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Fighting Fire with Facts

No home is fireproof, but these strategies will make your home fire-resistant.

By Scott Rodwin & Ron Flax

fightingfire-introIn the wake of the Fourmile Canyon Fire that destroyed 169 homes in Boulder County, learning how to create a fire-resistant house is on the minds of many residents. Though there’s no such thing as a fireproof home, you can substantially mitigate the danger with these 10 strategies:

Defens_space_flyer1. Defensible Zones Creating a defensible zone around your home is the first line of protection. Remove all trees within at least 15 feet of your home. If the trees are dense or of mixed species, expand the zone to 30 feet. Space trees at least 10 feet apart, and remove the lower limbs on mature trees within 100 feet of your home (if the trees are dense or mixed, increase that to 200 feet). Surround your home with nonflammable materials such as gravel, stone or concrete. For landscaping, use low ground covers or short grasses. Bury propane tanks or give them their own defensible zone.

firefighter-72. Decks & Fences Decks are often constructed with standard wood-framing lumber, which is not only easily combustible but a dangerous fuel source right at your doorstep. The safest decks are built from noncombustible materials like stone, metal and concrete. There are also fire-resistant hardwoods and composite decking materials on the market, but be sure to check the manufacturers’ literature for fire-resistance ratings. If fire can attack these structures from below, they are especially at risk, so if possible enclose decks to the ground. Use noncombustible materials such as metal or masonry for fences or other items that attach directly to your home.

3. Exterior Construction Materials Choose noncombustible exterior materials like stone, cementitious stucco, brick, metal, fiber cement siding or concrete. If you use wood on the exterior, specify heavy timbers—4-by-6’s or larger—instead of 2-by dimensional lumber, as heavier timbers are harder to ignite. Fire-resistant paints and coatings can help protect homes that have combustible exterior materials, but they have to be reapplied regularly to maintain their effectiveness. Boulder County does not typically accept these coatings as alternatives to noncombustible materials.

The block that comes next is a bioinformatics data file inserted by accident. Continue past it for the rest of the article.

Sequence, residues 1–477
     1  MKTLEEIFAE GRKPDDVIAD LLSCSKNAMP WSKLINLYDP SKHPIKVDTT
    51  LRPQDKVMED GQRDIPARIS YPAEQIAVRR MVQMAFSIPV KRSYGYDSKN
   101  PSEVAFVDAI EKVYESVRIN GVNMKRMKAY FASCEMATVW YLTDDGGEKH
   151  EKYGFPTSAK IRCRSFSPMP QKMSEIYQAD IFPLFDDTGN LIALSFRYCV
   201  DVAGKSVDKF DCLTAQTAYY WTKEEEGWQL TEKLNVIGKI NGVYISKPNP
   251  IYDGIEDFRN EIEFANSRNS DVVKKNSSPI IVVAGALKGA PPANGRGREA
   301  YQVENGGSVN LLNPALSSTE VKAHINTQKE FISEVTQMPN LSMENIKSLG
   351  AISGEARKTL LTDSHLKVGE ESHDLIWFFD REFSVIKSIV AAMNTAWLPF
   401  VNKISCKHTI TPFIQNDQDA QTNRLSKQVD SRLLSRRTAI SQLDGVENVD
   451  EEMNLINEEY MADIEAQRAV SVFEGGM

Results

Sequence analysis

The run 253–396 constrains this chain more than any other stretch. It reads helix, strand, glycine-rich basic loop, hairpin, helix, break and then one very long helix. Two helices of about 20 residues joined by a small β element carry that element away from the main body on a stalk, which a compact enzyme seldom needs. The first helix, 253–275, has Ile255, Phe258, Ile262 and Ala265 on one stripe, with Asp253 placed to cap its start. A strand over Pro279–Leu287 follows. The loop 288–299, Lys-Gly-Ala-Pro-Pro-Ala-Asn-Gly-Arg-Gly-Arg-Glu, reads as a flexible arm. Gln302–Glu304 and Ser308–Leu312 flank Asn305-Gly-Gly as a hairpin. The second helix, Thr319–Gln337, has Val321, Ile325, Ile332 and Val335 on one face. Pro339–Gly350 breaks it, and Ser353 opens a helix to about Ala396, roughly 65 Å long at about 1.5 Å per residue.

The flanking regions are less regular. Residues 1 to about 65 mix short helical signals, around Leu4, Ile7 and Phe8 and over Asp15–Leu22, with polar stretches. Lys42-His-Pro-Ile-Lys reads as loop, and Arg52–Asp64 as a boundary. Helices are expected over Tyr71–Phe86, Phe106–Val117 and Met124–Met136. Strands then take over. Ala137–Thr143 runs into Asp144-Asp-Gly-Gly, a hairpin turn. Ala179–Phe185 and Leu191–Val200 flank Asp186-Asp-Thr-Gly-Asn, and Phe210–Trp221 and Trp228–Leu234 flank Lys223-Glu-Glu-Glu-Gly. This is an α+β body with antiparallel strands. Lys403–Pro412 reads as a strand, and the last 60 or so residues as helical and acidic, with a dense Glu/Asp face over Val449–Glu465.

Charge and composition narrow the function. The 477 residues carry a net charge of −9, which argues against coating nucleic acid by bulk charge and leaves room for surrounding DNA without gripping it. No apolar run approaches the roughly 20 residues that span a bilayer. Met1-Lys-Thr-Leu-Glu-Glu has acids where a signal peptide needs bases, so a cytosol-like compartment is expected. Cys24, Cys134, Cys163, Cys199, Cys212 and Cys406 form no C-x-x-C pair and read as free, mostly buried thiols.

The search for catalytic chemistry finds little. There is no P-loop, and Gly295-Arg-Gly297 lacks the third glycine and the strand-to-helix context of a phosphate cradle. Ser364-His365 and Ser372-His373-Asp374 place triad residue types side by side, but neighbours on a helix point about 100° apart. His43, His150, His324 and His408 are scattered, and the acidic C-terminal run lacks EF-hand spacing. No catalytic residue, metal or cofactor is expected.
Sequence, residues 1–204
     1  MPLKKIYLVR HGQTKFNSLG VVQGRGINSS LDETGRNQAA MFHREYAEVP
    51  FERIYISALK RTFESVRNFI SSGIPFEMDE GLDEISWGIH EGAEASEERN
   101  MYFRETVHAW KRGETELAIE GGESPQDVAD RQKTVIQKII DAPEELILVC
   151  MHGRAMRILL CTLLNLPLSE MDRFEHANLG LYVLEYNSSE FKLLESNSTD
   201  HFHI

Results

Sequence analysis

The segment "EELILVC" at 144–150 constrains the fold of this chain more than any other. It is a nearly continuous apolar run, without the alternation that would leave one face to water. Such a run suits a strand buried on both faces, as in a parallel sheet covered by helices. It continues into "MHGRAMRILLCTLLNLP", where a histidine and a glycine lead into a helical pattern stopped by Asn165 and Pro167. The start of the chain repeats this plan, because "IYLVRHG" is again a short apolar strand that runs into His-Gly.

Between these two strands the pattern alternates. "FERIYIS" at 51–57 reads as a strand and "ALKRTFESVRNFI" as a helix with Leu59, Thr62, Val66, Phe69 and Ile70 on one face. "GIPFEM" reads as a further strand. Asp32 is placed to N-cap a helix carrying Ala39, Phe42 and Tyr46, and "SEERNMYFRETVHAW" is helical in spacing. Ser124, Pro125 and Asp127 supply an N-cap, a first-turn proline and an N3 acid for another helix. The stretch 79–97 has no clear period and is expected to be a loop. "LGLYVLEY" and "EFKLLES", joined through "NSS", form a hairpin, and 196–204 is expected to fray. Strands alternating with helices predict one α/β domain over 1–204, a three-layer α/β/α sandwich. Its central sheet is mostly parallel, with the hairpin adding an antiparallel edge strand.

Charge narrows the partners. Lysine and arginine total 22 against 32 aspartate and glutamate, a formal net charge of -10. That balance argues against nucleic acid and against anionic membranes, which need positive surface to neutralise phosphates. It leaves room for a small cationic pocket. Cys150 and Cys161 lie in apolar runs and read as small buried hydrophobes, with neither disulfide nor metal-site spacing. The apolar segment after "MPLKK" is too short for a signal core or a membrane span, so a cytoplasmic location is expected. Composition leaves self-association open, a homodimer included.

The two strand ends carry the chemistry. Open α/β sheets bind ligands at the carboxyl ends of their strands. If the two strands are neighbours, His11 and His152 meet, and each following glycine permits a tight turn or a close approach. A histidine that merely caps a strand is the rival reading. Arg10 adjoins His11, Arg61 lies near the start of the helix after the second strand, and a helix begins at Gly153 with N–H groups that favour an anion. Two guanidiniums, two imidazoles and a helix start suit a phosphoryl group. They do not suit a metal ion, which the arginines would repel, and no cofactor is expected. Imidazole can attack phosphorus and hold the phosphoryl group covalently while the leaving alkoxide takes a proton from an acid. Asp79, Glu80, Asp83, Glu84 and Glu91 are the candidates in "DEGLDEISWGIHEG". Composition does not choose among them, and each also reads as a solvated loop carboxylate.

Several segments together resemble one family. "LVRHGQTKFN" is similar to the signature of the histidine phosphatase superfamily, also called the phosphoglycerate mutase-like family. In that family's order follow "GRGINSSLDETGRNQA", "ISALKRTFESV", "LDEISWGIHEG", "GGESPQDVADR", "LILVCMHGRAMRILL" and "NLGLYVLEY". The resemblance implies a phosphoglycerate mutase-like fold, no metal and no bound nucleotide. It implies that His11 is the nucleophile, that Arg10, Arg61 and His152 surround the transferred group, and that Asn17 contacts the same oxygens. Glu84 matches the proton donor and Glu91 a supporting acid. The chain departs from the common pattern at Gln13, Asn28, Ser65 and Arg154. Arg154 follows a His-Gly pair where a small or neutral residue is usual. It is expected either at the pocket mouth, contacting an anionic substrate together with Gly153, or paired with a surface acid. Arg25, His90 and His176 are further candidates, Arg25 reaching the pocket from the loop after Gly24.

Perhaps the single most important surface to consider is roofing. Use a Class A fire-rated material (required in all Boulder County mountain communities), such as metal, clay tile, concrete or composite asphalt shingles. Keep in mind that some other materials, such as molded plastic shingles, only achieve a Class A rating when they’re part of a rated assembly that includes a fire-resistant underlayment, like DensDeck Roof Board.

4. Unvented Attics & Crawl Spaces Most attics and crawl spaces built in the last 50 years were vented, both for improved energy efficiency and to decrease the possibility of hot air and burning embers entering the home’s envelope.

But building scientists now strongly recommend unvented attics and crawl spaces. This is achieved by placing insulation directly on the underside of the sheathing (and the perimeter of the crawl space), and treating the enclosed attic and crawl spaces as part of the home’s conditioned area. Not only does this lend itself to super-tight, energy-efficient, fire-resistant homes, it often results in additional usable storage space.